In order to enable an iCal export link, your account needs to have an API key created. This key enables other applications to access data from within Indico even when you are neither using nor logged into the Indico system yourself with the link provided. Once created, you can manage your key at any time by going to 'My Profile' and looking under the tab entitled 'HTTP API'. Further information about HTTP API keys can be found in the Indico documentation.
Additionally to having an API key associated with your account, exporting private event information requires the usage of a persistent signature. This enables API URLs which do not expire after a few minutes so while the setting is active, anyone in possession of the link provided can access the information. Due to this, it is extremely important that you keep these links private and for your use only. If you think someone else may have acquired access to a link using this key in the future, you must immediately create a new key pair on the 'My Profile' page under the 'HTTP API' and update the iCalendar links afterwards.
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The discovery of X rays was made possible by the intelligent use of the best accelerator of the time. Since then, the development of particle accelerators has been at the root of both fundamental discoveries in physics and unforeseeable medical applications. The lecture will describe the major steps in this 120-year history of diagnostics and tumour therapy.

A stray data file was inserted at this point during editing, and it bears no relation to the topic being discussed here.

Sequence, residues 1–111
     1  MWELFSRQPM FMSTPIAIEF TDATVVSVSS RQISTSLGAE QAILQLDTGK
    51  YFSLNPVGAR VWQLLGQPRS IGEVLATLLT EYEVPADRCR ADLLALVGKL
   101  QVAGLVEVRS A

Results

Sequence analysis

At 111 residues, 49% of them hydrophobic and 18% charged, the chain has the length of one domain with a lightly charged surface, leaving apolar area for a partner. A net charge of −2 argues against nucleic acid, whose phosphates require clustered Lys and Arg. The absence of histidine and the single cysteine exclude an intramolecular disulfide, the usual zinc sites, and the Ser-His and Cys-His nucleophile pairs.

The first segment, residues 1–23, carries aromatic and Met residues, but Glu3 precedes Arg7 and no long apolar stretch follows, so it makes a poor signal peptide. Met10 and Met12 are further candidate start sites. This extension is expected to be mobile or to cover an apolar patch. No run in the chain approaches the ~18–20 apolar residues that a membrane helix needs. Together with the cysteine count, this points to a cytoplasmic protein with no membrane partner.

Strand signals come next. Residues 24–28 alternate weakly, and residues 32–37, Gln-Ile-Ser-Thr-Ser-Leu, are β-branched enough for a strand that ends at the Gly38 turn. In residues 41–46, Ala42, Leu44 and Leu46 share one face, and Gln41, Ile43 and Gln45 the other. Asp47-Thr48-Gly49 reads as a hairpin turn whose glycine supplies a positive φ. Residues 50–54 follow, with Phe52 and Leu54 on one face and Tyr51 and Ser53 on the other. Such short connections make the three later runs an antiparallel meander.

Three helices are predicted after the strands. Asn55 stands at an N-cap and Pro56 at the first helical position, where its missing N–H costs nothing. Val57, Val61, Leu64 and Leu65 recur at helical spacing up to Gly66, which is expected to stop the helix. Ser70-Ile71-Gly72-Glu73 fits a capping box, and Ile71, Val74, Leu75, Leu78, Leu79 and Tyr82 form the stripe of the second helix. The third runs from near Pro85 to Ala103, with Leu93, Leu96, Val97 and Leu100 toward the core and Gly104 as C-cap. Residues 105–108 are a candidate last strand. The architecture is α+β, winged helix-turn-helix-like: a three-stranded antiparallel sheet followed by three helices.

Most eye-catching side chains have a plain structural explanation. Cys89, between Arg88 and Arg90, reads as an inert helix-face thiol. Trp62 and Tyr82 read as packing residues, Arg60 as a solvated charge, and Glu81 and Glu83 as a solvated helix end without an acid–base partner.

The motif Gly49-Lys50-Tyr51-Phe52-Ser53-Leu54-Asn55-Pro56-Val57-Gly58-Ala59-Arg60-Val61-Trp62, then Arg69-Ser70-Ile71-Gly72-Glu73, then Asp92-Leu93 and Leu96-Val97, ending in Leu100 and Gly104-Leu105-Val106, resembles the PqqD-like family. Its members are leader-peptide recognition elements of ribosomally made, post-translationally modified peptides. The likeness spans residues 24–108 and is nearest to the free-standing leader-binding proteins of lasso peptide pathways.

The first attempts to heal tumours with X rays were made only one month after Röntgen’s discovery, but the understanding of the mechanisms by which the radiation kills the cells and the introduction of dose fractionation took much longer. The use of X rays in diagnostics developed much faster and its benefits were very visible during the First World War. Today no tumour could be treated and no patient could be operated without a CT scan, which employs an X ray tube that is not very different from the one introduced by William Coolidge in 1912.
On the particle therapy frontier, more sophisticated and larger particle accelerators have contributed to the continuous increase of the tumour control rate. The initial betatrons were substituted, at the end of the 1950s, by radiofrequency electron linacs. More recently proton and carbon ion accelerators have become important tools in the fight against tumours, in particular “radio-resistant” tumours. After a review of the rationale for all forms of radiotherapy and of the accelerators used in proton therapy, the European centres for carbon ion therapy will be discussed and the challenges facing the physicists and the engineers developing the accelerators will be described.